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Choosing Fonts when Designing a Logo

Discussion in 'Logo Design & Brand Identity Forum:' started by Conway, Sep 20, 2010.

  1. Conway

    Conway New Member

    Often when I approach a logo design project I have on a number of occassions chosen a suitable font straight from what is available on my computer systems fonts list, and then I have designed some sort of relevant iconic/symbol/mark to go along with the font to complete the logo.

    But this has led me to question my methods when designing a logo. The problem for me is that I don’t ever feel completely satisfied that I can claim my logo designs to be 100% my own work, the fact that i am pulling a font straight off my computer systems font list which has been painstakingly crafted by a typographer designer and using it as part of my own design via a few selection clicks of my mouse just does not sit right with me, it makes me feel that only half the logo design is my own and the other half is the work of the typography designer.

    Id be very interested to hear from other designers who feel they are doing the same thing when designing a logo, or maybe you don't, maybe some logo designers really do design their own custom font as well as any symbols to go with it, which I fully respect. However if you don't design your own customised fonts nor do you use fonts straight off your computer system how do you go about choosing them? What places (URLs) do you visit to purchase them? and how do you feel about doing this? Let me know your thoughts please guys...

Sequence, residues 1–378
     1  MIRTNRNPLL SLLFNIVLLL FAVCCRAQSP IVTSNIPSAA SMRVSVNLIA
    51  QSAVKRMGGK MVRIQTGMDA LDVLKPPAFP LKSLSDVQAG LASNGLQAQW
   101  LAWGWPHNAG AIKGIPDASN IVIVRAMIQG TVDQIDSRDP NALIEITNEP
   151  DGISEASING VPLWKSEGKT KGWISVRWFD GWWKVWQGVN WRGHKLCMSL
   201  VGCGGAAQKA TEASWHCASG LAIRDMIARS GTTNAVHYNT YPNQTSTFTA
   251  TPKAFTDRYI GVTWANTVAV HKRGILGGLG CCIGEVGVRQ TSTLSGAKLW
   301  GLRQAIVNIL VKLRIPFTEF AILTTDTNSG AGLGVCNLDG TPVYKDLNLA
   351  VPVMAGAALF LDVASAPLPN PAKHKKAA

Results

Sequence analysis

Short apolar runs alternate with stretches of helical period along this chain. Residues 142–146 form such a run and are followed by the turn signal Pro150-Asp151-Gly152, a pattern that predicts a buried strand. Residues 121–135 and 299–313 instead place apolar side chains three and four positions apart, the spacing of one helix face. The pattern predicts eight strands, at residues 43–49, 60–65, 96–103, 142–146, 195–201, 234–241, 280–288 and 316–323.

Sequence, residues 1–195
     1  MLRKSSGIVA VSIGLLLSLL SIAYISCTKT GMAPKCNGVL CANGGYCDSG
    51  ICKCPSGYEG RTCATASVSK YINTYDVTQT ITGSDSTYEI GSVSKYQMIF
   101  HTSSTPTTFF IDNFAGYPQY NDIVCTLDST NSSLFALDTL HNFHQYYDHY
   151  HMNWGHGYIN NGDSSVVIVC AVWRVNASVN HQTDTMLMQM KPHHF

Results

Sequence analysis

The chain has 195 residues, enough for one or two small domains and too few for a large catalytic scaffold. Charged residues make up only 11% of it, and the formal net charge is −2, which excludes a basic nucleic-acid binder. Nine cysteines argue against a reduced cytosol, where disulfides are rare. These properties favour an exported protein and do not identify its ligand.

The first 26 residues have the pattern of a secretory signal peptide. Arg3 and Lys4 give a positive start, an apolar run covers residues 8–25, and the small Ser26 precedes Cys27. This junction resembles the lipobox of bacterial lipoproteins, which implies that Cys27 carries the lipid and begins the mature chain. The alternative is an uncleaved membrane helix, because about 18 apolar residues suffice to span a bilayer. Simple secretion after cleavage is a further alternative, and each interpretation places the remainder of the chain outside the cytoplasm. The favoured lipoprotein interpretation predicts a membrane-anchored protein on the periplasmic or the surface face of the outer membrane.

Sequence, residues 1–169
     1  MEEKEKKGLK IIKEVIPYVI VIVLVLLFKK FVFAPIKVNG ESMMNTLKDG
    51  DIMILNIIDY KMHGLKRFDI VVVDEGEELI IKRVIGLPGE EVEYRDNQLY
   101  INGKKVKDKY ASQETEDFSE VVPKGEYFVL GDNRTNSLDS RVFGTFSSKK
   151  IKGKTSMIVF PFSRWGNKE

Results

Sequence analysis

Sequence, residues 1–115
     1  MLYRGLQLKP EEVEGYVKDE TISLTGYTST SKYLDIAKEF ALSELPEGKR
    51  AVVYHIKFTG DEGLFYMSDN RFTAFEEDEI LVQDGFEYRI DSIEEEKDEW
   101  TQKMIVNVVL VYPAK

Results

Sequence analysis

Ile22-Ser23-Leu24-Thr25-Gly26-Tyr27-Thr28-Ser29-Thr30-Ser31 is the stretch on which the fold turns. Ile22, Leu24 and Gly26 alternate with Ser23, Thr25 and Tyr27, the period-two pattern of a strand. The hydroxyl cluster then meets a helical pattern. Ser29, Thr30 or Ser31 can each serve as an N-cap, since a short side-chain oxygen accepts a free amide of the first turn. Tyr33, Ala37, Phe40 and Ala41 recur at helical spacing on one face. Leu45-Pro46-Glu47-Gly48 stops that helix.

2. dot design

    dot design Member

    Tricky to design your own custom font per job as this is a very time consuming thing to do and sometimes there is no way budgets can allow for it or the clients just isn't interested.

    I sometimes make alterations or refinements to help the typography sit better with the graphic or icon.
  3. Katedesign

    Katedesign Well-Known Member

    It is part of the skill of design in choosing the right font for the job - think of how many 'self-designed' logos you see that have a totally inappropriate font. As Dot Design says sometimes you might make alterations to the font. . . but sparingly - someone has designed it after all!

    Using a non-custom font is common practice - the NHS logo is Frutiger for example and it means that you can use that font also for body text in letters, brochures etc. Most big companies will have a couple fo fonts as part of their corporate identity.
  4. I4Visual

    I4Visual Member

    It's really hard to find the right font, that represents both your personal taste and that of the comapny's corporate image.
    I would just say, avoid anything too squiggly, flashy or 'Neat', sure having a nice posh font may work for targeting middle/upper class clients, but it will just look pants to us working class type of people, that's of course not the only issue at hand, just giving an example there:)
  5. bigdave

    bigdave Moderator Staff Member

    generally speaking, I find it easier to decide what I want the logo to say and the feel Im after and then find a font to suit, rather than picking a font and designing around it.
  6. tezdread

    tezdread Member

    The font selection for me is one of the last things when doing a logo. First pen & pad to sketch out ideas, including the text to be used, then on to the graphic (if there's going to be one) once the graphic is finished then on to choose a font to compliment the graphic. If there isn't going to be a graphic at all and the logo will use only text (creatively) the font will still be the last choice.

    Minor adjustments to the text to individualise it but I'd never try and design my own font so unless a client wanted a brand new font and was willing to pay for a professional typographer to design one for them they will only get what is already out there. /
  7. SparkCreative

    SparkCreative Member

    Even massive brands don't necessarily use custom fonts. Nike, for instance.

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